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Jenner & Block scored a victory for CRST when the US District Court for the Northern District of Iowa held that the trucking company responded adequately to complaints from a trio of female truckers. In Sellars v. CRST Expedited Inc., the plaintiffs claimed that the company violated Title VII of the Civil Rights Act by subjecting them to systemic gender discrimination and retaliated against them for reporting multiple incidents of alleged sexual harassment.
But on July 15, 2019, Judge Leonard T. Strand granted the company’s motion for summary judgment on the women’s hostile work environment claims.
The judge said for the court that CRST addressed each complaint by designating the individual male drivers as “male only,” ensuring they wouldn’t co-drive with women. The women, the judge found, did not allege that they were harassed by a co-driver after complaining about him to CRST. It is “undisputed,” he said, that CRST responded to the women’s harassment complaints by taking them away from the drivers who allegedly harassed them and never pairing them again.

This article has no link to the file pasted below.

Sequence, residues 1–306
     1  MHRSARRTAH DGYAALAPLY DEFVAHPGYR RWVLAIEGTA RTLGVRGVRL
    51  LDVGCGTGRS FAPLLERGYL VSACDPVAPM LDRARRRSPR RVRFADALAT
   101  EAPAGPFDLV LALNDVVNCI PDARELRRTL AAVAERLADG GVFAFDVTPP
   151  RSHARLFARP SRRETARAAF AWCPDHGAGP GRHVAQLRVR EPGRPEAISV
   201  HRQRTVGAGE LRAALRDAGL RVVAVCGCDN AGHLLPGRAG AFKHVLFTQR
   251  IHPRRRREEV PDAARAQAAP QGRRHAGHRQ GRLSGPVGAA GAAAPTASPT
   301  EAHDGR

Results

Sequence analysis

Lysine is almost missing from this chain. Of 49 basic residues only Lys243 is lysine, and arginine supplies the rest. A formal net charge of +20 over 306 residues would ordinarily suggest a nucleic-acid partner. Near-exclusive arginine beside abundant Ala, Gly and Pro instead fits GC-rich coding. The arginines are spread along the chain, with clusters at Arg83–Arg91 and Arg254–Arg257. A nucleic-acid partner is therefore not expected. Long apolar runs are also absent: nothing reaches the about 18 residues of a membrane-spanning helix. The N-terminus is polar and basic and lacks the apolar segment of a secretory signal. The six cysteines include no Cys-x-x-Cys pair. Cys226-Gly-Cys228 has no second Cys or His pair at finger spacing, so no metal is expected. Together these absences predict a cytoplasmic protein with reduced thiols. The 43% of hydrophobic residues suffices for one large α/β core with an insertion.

The women also made constructive discharge claims. But those claims failed because, the judge said, the women failed to produce evidence that the company purposefully created the intolerable conditions in which they worked.
The case started as a class action; in 2017, Judge Strand certified classes alleging hostile work environment and retaliation against CRST. In January, however, the judge granted CRST’s request to decertify the hostile work environment class and awarded it summary judgment on the class retaliation claim. At that time, the judge found that the women lacked common evidence relating to harassment they said they endured. That left only the individual claims of the three women.
News of the opinion was covered in Law360.(subscription required) and
Serving as co-counsel in the case, the firm team included Partners and Lauren J. Hartz also contributed significantly to the victory.,